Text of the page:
I had the pleasure of attending CA World this week with a few of my colleagues. Colin Fletcher joined me, covering similar areas. Laurie Wurster also attended, she’s our go to person for market data and forecasting across the IT operations management market. I had meetings with many CA customers, partners, and CA staff members. The interactions were valuable, as were the sessions led by end users showing how they were applying the technologies. The analyst relations team at CA is a pleasure to work with, and we thank them for always being responsive, helpful, and forward thinking.
This was an important year for CA considering the immense redesign and redevelopment efforts they have undertaken through 2012 and 2013 within the availability and performance monitoring market. These technology changes included major refreshes and user interface (UI) redesigns on products such as the more converged IM 2.0 (merging together NetQOS products, replacing eHealth, and bundling Spectrum) offering, focused on network management. CA moved Nimsoft into a modern web based UI as well, merging together the service desk with the monitoring. During CA world there were major announcements on the release of Application Performance Monitoring (APM) 9.5 which includes the embedded Prelert engine (with a slick CA developed UI) for analytics, browser script injection technology, and some major changes to the agent preparing for new features down the line. Many of these changes make the product more competitive with other APM offerings, but also allow long time and happy CA APM customers to have the comforts they have grown accustomed to. Many of these features in this release are the first versions, and there will be major enhancements forthcoming. In fact they are encouraging customers to vote for features which will get the most attention, and using agile development processes (they still have some work to do here in order to become more rapid on releases). These changes are refreshing, and unexpected considering the past patterns, kudos.
CA also announced the acquisition of Nolio and Layer 7 during the Monday keynote, adding much needed DevOps capabilities.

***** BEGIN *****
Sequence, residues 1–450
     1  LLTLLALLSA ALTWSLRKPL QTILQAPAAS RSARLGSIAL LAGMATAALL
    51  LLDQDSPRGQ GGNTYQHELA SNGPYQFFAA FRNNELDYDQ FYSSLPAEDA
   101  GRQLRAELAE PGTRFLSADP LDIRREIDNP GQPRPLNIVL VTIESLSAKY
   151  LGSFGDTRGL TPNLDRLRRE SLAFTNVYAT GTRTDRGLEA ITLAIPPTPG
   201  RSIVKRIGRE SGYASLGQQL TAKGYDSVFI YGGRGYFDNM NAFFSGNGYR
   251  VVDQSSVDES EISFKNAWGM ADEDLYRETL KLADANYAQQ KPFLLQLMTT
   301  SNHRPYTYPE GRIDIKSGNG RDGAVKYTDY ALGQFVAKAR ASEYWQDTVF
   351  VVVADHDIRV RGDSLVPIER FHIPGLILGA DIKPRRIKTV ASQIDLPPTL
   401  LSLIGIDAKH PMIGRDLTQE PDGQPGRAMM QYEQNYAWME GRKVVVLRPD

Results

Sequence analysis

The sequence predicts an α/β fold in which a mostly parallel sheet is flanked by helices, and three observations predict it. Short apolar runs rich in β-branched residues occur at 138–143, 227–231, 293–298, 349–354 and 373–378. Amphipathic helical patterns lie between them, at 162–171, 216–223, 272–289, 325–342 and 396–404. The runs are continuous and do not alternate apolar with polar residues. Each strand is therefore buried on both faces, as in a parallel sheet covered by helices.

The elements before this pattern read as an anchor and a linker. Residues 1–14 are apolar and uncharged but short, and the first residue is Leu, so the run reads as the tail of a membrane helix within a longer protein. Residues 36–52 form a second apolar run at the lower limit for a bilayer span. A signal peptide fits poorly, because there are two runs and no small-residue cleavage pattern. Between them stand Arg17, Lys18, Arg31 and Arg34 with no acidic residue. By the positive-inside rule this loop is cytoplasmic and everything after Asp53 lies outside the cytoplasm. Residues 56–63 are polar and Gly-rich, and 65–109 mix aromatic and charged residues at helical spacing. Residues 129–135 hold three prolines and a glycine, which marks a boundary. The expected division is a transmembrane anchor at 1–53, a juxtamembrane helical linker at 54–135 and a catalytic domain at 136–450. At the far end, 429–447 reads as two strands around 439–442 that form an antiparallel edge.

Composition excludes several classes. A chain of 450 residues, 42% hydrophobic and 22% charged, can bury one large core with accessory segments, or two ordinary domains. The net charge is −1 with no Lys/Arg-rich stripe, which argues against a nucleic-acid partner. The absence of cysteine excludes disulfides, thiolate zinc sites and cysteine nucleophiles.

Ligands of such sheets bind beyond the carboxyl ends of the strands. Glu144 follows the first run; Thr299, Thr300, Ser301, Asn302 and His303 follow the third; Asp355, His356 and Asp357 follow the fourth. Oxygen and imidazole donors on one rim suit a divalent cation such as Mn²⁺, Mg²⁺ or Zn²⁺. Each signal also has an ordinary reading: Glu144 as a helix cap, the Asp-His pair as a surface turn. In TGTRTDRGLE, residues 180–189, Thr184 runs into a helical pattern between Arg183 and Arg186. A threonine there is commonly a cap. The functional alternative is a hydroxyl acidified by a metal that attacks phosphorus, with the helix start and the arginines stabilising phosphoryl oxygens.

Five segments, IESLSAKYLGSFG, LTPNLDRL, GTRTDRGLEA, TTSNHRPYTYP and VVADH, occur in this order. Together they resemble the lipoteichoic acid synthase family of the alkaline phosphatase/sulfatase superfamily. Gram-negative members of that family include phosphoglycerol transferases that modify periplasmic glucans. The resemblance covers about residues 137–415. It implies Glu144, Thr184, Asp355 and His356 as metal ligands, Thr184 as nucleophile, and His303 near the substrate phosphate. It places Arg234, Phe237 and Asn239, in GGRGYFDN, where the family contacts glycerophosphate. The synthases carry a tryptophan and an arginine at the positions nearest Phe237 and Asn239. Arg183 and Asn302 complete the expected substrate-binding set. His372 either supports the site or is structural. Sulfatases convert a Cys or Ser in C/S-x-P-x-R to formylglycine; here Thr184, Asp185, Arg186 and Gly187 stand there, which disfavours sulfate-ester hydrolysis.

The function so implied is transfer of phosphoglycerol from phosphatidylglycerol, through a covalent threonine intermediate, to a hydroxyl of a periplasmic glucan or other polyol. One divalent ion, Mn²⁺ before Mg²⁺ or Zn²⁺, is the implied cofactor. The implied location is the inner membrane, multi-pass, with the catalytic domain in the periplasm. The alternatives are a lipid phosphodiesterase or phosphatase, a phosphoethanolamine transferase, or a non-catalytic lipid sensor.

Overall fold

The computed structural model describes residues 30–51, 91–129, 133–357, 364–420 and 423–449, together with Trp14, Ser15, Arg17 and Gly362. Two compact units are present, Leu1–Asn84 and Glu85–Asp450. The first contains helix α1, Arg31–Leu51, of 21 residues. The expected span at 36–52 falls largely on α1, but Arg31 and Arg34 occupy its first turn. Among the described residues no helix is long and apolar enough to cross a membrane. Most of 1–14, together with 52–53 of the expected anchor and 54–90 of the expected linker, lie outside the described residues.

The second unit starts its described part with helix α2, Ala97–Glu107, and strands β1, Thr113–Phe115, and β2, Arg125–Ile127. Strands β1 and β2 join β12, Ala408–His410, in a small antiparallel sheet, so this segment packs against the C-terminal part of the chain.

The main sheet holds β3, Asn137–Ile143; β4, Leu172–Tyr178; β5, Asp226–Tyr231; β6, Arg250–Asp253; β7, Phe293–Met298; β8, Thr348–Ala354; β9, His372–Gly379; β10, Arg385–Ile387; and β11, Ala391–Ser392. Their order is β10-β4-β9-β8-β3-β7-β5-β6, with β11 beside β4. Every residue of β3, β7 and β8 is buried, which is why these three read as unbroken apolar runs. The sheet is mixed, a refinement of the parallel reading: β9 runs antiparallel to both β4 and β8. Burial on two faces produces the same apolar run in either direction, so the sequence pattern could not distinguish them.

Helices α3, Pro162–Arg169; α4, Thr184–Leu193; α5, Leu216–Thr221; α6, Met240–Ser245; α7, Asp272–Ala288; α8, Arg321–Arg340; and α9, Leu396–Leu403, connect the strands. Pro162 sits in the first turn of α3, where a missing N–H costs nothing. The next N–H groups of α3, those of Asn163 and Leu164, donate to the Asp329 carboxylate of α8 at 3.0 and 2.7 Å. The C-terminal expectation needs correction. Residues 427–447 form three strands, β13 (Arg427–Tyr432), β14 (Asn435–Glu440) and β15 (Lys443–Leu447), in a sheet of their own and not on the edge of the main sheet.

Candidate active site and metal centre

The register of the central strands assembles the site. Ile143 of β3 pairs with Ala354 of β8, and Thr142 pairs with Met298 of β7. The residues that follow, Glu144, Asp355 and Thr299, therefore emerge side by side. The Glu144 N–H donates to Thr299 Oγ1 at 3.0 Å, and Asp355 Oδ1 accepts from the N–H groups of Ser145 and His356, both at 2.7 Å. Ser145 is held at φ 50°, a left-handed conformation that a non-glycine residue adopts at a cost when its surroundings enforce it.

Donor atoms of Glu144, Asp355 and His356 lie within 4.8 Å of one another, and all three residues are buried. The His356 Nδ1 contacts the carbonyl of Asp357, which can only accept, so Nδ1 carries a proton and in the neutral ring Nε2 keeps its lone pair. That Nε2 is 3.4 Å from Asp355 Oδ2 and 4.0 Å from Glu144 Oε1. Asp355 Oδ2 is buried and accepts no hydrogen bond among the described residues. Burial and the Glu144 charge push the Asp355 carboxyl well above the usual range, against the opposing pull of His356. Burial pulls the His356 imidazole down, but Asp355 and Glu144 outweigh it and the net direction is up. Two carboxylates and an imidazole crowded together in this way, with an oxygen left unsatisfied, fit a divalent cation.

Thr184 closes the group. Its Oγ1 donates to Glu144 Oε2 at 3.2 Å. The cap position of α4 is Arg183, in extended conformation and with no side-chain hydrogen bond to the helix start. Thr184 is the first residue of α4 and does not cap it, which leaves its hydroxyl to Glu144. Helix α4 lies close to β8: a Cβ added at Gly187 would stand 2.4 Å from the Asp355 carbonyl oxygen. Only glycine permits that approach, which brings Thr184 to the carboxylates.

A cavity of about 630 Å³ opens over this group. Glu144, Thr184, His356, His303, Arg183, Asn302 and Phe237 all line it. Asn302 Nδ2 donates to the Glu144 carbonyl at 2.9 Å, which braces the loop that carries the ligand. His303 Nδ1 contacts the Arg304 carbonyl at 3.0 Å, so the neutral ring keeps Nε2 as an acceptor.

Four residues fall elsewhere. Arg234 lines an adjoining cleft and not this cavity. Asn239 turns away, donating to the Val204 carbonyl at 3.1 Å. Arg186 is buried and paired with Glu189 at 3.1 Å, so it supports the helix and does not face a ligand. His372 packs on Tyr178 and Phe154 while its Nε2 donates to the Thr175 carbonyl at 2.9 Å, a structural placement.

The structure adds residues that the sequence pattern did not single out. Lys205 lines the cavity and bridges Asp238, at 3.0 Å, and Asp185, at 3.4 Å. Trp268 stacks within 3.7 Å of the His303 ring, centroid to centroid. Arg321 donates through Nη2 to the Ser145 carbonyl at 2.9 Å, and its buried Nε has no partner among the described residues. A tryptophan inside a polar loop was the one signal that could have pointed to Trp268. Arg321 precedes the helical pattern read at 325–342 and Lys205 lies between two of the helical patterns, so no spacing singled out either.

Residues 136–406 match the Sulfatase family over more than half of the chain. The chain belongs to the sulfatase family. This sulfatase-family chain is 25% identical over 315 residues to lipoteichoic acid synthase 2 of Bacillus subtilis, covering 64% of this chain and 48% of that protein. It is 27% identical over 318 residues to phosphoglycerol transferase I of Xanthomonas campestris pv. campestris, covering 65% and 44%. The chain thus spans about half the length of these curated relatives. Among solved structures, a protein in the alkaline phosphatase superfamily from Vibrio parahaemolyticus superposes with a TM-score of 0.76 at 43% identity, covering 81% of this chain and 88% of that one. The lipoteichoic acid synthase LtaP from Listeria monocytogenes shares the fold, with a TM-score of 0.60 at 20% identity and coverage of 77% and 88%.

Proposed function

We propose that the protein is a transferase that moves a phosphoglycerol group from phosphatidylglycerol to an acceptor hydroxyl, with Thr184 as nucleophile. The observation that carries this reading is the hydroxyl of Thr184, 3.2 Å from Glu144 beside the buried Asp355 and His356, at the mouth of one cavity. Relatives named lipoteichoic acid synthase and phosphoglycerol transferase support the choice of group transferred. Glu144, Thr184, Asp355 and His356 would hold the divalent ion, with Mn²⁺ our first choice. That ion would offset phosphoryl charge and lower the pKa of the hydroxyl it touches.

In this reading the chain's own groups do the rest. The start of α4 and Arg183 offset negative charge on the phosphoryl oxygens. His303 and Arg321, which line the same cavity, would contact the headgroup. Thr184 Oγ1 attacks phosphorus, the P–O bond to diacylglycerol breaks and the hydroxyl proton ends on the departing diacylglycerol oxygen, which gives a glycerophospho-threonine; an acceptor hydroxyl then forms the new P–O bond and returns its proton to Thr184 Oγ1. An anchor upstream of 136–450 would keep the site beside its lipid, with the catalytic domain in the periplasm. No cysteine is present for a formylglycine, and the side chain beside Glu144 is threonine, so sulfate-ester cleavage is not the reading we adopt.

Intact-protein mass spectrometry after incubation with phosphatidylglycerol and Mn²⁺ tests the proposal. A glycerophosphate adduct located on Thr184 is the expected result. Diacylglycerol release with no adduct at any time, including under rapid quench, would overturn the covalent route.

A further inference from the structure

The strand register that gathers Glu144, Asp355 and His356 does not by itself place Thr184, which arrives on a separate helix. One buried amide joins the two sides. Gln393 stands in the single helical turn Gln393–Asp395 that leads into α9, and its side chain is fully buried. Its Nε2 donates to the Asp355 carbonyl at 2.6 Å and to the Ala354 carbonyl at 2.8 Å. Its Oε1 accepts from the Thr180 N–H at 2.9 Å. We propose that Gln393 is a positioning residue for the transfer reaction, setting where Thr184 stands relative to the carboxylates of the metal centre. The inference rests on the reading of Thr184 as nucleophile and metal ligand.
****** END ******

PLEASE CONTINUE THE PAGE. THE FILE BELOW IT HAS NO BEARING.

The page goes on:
With all of these changes within the products, CA has a new captain of the ship. in early January Michael Gregoire was appointed CEO, previously the CEO of Taleo (which Oracle bought for $1.9b in 2012). Michael expressed his strong inclinations towards SaaS delivery, and modernizing the way business is done at CA. With a refreshing and different viewpoint it will be interesting to watch and advise the team how to accomplish these goals. Michael was clear in his keynote getting and standardized and consolidated UI framework across the products is a key deliverable for him, which if done right will be positive for customers.
With the product innovation, and new core strategies around delivery of software, it will be interesting to see how much transparency is afforded to customers on the products and packaging. CA’s substantial mainframe buyers are averse to change, the changes occurring are likely focused on specific parts of the business. There will no doubt be impact to the the availability and performance monitoring portfolio.
Read Complimentary Relevant Research
Predicts 2017: Artificial Intelligence
Artificial intelligence is changing the way in which organizations innovate and communicate their processes, products and services. Practical...
View Relevant Webinars
How to Live Without Mobile Device Management
This webinar addresses the growing trend of users refusing to have enterprise management of their mobile devices due to privacy concerns....
Comments or opinions expressed on this blog are those of the individual contributors only, and do not necessarily represent the views of Gartner, Inc. or its management. Readers may copy and redistribute blog postings on other blogs, or otherwise for private, non-commercial or journalistic purposes, with attribution to Gartner. This content may not be used for any other purposes in any other formats or media. The content on this blog is provided on an "as-is" basis. Gartner shall not be liable for any damages whatsoever arising out of the content or use of this blog.